If you’ve been following my story for a while, you know I’ve moved many times in the last six years. First, I left my hometown and moved to Toronto for work. After realizing Toronto wasn’t the place for me, I took my job back to BC and moved to Greater Vancouver. Due to a series of unfortunate events (attempted break in, bad roommate situation, etc.), I had to move in/out of three different apartments in my first year there. I finally settled in a condo in Port Moody, where I stayed for two years, before another unfortunate event inspired me to go back to my hometown to be closer to my family.
Throughout all of those transitions, I never minded the moving process. In fact, some of my friends joke that I am a professional mover. They aren’t wrong, in the sense that I know the drill: find a place, pay the deposit, change your address on a million and one things, coordinate the move, take the boxes out and clean, bring the boxes in and unpack, and get your old deposit back. And when you have just 20% of what you once owned, the entire thing only takes a few hours. Moving is easy. Living in a state of transition feels normal. But it’s not normal… or at least, I don’t want it to be my normal anymore.
At the beginning of the slow money experiment, I hinted that I was ready to stop bouncing around from place-to-place. Being back in my hometown has been great. My family needed me, I needed them, and the quality time I got to spend with my friends here is something I will forever be grateful for. It healed me, during a time when I needed extra support. But it was never going to be a permanent move. I didn’t know where I would go next or finally land. I just continued to live in this transition period – until I went to Squamish for two months and realized that was the place I wanted to call home.
I don’t know how I didn’t see it sooner. When I was living in Port Moody, I used to drive up to Squamish all the time to go hiking. Since I’ve been back in Victoria, I think I’ve gone to Squamish five or six times. It’s the place I’ve done some of my most creative work (including finishing writing my book proposal and the first draft of my book) and the place I most love to explore. I notice my anxiety go down as I drive up the Sea to Sky Highway, and I am genuinely sad every time I have to leave. It’s been a great home away from home… but what if it could just be my home!?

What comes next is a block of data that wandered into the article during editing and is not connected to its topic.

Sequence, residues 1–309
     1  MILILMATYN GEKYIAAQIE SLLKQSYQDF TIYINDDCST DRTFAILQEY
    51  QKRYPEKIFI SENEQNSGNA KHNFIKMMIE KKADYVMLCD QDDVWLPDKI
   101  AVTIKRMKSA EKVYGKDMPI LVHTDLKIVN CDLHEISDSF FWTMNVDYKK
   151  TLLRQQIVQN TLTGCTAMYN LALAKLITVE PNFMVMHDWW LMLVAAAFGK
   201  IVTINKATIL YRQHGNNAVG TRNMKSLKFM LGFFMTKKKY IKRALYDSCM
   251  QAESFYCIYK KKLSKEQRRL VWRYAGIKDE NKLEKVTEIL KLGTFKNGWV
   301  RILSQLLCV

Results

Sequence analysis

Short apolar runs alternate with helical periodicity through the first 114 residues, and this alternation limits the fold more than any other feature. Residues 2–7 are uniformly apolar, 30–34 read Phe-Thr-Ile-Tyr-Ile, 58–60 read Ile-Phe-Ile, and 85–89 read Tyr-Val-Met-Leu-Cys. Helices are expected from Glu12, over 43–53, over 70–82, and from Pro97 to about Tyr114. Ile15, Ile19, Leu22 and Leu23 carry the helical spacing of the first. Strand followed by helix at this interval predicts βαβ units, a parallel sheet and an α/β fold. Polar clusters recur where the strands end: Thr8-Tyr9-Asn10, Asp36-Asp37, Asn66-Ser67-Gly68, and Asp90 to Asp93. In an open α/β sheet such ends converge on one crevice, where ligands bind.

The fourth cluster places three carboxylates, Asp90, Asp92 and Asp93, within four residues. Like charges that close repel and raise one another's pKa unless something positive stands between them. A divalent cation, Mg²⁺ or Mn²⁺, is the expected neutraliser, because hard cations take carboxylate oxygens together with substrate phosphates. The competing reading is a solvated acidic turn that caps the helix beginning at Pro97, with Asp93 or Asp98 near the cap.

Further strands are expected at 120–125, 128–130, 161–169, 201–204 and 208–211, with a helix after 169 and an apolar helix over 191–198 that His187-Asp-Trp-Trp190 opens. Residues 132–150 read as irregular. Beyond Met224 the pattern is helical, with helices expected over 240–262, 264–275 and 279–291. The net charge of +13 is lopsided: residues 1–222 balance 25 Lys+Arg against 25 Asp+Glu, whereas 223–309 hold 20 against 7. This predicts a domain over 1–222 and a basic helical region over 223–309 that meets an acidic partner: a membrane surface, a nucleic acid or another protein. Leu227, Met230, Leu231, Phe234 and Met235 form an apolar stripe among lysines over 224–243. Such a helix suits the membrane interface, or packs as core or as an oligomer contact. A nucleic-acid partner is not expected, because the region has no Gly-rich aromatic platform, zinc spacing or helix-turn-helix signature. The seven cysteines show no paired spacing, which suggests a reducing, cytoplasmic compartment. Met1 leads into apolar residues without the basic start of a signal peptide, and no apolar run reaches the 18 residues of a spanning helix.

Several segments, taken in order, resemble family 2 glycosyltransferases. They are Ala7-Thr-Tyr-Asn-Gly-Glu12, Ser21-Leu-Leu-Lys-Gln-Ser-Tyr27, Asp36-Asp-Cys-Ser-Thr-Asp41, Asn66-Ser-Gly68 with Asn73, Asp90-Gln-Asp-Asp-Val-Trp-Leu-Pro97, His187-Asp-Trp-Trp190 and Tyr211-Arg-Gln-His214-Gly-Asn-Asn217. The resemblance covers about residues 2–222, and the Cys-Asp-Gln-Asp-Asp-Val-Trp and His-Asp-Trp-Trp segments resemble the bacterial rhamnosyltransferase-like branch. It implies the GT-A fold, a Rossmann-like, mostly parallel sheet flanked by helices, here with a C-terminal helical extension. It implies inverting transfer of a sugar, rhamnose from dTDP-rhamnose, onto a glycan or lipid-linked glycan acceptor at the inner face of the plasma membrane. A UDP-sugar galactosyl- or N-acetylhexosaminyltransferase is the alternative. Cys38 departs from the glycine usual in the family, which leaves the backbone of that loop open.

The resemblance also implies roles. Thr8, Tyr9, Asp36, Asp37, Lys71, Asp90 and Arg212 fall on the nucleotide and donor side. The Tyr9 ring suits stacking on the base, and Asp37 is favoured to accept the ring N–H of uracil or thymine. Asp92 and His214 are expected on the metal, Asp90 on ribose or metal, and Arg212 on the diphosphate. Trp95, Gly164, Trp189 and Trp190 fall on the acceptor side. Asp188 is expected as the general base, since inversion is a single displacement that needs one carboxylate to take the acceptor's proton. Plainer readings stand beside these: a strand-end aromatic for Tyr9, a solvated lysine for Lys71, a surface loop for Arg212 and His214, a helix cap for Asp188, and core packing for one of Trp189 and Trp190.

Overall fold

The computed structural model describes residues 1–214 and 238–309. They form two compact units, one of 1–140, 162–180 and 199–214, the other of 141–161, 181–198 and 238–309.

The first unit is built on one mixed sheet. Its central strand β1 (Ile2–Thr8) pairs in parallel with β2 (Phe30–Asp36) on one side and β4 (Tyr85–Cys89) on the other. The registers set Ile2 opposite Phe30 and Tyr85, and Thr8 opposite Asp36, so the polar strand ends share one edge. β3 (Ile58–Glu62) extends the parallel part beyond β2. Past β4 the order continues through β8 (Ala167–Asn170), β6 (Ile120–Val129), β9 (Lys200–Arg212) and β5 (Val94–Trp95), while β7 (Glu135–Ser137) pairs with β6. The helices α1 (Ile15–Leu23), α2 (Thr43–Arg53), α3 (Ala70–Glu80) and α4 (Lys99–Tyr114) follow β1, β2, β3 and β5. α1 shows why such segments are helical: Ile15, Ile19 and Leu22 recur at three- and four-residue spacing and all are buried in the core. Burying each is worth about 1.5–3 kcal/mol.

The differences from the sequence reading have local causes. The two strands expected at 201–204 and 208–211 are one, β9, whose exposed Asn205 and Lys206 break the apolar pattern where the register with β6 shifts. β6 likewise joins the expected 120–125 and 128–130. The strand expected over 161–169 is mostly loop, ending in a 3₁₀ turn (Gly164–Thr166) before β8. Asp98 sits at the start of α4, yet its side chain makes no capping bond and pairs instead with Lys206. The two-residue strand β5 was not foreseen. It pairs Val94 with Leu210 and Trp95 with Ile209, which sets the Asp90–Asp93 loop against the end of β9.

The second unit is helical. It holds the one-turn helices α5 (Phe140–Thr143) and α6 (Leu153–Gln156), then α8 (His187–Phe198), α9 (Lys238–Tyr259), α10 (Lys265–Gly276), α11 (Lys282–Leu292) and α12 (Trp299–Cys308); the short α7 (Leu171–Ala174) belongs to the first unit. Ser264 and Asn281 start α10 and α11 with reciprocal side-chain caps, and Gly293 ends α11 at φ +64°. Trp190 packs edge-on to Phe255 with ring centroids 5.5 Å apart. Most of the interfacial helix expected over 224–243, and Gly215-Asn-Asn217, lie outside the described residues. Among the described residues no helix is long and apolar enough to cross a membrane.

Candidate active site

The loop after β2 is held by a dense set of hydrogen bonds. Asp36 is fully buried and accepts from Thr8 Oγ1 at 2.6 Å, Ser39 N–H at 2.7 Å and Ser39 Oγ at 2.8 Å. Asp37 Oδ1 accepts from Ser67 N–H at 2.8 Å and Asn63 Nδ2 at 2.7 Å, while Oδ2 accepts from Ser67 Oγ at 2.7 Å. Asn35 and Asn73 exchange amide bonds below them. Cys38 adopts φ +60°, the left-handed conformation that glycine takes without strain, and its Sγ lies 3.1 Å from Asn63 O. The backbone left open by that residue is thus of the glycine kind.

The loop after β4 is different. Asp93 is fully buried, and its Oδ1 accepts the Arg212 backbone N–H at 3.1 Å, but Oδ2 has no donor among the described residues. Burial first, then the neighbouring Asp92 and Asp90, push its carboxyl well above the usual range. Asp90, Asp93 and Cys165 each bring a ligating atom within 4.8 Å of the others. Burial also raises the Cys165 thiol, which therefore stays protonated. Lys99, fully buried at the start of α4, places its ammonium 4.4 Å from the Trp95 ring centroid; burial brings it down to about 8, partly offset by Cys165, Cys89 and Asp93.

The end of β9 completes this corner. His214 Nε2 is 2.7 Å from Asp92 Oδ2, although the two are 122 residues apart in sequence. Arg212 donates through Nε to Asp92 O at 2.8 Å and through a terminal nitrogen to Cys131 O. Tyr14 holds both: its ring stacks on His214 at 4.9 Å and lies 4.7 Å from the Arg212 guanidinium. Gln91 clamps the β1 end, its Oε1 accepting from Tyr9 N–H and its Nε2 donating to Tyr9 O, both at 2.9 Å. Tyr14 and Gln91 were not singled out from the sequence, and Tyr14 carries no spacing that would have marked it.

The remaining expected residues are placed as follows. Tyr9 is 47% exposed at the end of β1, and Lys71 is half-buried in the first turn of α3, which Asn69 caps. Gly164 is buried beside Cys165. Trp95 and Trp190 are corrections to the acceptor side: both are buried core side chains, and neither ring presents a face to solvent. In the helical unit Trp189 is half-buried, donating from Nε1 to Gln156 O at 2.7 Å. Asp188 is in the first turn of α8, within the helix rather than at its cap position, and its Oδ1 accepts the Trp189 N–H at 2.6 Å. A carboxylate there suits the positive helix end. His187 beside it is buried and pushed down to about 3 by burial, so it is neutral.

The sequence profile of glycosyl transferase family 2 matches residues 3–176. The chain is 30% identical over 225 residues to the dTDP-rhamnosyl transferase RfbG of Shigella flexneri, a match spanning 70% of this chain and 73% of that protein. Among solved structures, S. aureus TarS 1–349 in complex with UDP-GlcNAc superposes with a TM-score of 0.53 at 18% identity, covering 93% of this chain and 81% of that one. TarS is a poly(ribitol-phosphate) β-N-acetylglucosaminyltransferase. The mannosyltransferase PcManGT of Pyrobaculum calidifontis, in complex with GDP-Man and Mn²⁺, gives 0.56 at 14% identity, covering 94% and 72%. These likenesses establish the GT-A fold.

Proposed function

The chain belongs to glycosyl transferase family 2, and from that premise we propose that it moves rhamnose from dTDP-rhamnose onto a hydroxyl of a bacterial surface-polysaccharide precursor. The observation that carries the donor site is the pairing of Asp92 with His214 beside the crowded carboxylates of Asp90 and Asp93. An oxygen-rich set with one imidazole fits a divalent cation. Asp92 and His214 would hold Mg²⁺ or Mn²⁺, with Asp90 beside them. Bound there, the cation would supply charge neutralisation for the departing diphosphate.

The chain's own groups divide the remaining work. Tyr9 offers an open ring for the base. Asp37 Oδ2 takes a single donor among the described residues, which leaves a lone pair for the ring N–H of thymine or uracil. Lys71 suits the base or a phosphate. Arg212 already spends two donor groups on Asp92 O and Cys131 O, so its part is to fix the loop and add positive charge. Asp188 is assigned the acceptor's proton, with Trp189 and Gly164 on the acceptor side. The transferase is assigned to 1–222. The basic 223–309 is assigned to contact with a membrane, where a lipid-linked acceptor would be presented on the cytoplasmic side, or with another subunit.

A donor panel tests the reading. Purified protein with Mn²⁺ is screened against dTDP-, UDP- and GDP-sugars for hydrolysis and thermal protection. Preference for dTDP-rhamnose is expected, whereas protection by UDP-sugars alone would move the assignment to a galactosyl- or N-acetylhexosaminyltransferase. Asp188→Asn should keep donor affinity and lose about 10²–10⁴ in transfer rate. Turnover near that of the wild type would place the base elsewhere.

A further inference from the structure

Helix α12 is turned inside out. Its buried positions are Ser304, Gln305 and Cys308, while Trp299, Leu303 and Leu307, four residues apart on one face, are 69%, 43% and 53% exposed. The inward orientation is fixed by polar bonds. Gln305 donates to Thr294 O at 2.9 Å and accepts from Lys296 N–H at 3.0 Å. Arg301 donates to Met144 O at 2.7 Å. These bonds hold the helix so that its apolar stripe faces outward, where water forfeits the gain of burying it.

That’s a question I’ve been asking myself all year: could Squamish be my home? Could it be the place I finally settle in, find a community and build a life for myself? When I first planned to spend two months there, I had no intention of staying or even considering these questions. But as soon as I started to think about it, I decided to try it on for size and pay closer attention to my surroundings.
One of the first things I (finally) noticed was how nice everyone is. When you walk into the grocery store (or any business) people know each other. Strangers smile and talk to you (which is really nice when you’re new and don’t know anyone). It’s a small community (less than 20,000 people) and you can tell it’s the kind of place where people care about maintaining that. Small business matters. People like to support the local economy. They also care about the environment. And in my last week there, I discovered there is a growing community of creative women who run their own businesses.
That alone was almost enough to seal the deal for me. In February, I met one woman who asked if I wanted to write for her website, then another woman who serves as the editor of that website. I sat around a table and had coffee with 15-20 creative women who meet monthly to discuss new topics related to their work. A few of those conversations have since been taken “offline” and we’ve connected on other topics, including how to save money and how to better serve people with limited incomes. Each of those meetings and connections drew me a little closer to Squamish.